“The music program here helped mature people ahead of their time, so when you get out of college you’re prepared to lead,” said Jordanna Yap '09, who played clarinet and graduated with a degree in information technology.

“It was the band that really sold me on coming to Marist,” said Katie Bianco '12, a flute and piccolo player who majored in psychology. “I was thrilled at how everyone who was involved in the band truly wanted to be there.”




Art’s mentorship of students struggling academically or personally also marked his decades-long career at the helm of the department.

Austin Lanari '12, a trumpet player who majored in philosophy, remembers Art bringing him and his parents into a dark classroom in the basement of the student center after he’d lost scholarship funds due to poor grades. Art worked with Austin and his parents to come up with a course schedule that could help Austin get back on track, which he ultimately did.

“Back then it seemed odd being 19 years old in that room having this guy that I’ve only known for a year be invested in the fact that I’m messing up my life,” said Austin. “But he had perspective that I didn’t have then.”

Image of Art Himmelberger at 2024 Commencement.
Art serves as Marshal for the School of Communication and the Arts at the College’s 78th Commencement Ceremonies on May 18, 2024. Photo by Nelson Echeverria/Marist College.

Faculty in the music department gained a deeper understanding of teaching and mentorship from Art as well.

“I have learned to listen actively to students, understand their individual needs, and guide them not only in music but in their personal development as well,” said Julie Martyn-Donato, who has taught in the music department since 1993, having been introduced to Art by a friend.

“Art’s passion for music and education is contagious,” she said. “It’s been a privilege and a joy to work with such an excellent human being.”

Art credits his own mentors from the University of Michigan as principal influences for his approach to teaching and mentorship.

When Art couldn’t afford the expense of the second half of his university education, he almost abandoned the academic track to play drums in a traveling circus. That was when Dr. William Revelli, who led the Michigan marching band for 36 years, came to Art’s aid.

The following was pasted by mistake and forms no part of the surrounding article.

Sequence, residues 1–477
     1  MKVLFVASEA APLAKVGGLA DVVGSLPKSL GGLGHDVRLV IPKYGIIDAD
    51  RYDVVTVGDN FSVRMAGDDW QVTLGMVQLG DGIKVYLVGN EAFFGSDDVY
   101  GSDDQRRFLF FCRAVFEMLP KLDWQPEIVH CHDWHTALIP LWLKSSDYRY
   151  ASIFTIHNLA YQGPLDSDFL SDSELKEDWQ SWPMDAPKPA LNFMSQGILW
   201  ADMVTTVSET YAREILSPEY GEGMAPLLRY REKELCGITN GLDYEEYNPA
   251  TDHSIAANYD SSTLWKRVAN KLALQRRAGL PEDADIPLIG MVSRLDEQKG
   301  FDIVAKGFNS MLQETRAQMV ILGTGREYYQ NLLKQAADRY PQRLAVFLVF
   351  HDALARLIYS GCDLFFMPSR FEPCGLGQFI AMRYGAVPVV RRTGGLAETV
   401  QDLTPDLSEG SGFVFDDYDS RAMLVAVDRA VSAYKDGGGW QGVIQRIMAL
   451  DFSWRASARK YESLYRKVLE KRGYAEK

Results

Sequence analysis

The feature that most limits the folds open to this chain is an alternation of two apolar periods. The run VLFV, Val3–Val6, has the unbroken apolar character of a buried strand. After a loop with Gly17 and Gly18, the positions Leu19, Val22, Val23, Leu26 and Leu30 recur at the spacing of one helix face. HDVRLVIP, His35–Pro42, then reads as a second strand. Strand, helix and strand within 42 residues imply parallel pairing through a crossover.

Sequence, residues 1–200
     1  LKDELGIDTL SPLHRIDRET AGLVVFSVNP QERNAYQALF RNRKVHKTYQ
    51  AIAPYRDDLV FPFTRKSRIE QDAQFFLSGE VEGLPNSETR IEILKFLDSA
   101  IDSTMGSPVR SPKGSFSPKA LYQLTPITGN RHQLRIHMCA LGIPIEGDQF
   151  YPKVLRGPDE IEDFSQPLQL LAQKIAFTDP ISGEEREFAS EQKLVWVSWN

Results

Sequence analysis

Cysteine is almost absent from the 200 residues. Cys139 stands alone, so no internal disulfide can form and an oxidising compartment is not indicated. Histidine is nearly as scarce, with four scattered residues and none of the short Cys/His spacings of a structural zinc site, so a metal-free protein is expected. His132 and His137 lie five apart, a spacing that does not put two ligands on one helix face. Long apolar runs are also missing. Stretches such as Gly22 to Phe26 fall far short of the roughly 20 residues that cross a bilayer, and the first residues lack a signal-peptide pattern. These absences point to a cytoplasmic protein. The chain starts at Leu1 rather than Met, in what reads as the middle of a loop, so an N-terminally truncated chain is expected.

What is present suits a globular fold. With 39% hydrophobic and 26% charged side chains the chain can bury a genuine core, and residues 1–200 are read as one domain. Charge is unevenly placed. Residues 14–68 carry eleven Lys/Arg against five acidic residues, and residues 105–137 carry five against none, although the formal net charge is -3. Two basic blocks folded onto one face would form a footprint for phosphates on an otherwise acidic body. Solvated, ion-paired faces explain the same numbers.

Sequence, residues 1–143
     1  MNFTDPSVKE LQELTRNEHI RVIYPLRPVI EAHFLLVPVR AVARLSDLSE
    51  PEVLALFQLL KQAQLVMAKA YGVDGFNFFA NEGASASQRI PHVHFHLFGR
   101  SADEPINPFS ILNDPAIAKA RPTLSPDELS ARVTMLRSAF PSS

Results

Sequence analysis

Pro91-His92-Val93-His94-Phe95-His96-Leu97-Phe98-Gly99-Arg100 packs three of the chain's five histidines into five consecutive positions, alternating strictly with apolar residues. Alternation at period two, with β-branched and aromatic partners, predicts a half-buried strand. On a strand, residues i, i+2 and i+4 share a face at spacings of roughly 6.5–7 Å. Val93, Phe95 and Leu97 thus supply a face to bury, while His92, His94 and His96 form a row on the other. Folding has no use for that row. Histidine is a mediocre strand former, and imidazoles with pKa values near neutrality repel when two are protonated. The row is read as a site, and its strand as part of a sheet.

“Dr. Revelli was relentless, but it was tough love,” Art said. “I was ultimately awarded a graduate teaching fellowship as an undergraduate as well as funds from the Michigan band’s alumni association so I could complete my degree.”

With this as a formative experience, paying it forward to his own students was a no-brainer.

“We,” he pauses for emphasis, “we could not have accomplished what we accomplished without the dedication of all the students involved in the Marist music program.”

Image of Art Himmelberger leading band in the Nelly Goletti Theatre.
Art presents the band to the audience for one last time at his final concert on April 27, 2024 in the Nelly Goletti Theatre. Photo by Yasir Olenja '24.

The influence of the program extends far beyond academic and professional life for many students. At Art’s retirement reception on April 27, Assistant Director of Music Michael Napolitano asked the gathered crowd how many of them had met their spouse through the band. Dozens of hands went up, including Katie’s and Austin’s.

“Austin and I essentially owe him everything now,” Katie said, holding up the hand with her wedding ring on it.

Looking to the future, Dr. Jones is excited to build on Art’s ethos to continue to grow the department, which consists of over 15 ensembles. These include the Marist Band, Singers, and Orchestra, the a cappella groups Sirens, Time-Check, and the Enharmonics, as well as other small ensembles and choirs.

“This program is at an excellent turning point and I do not doubt that the future is very bright for the Marist Band and Music Program,” said Dr. Jones.

Click here to learn more about the Marist Music program.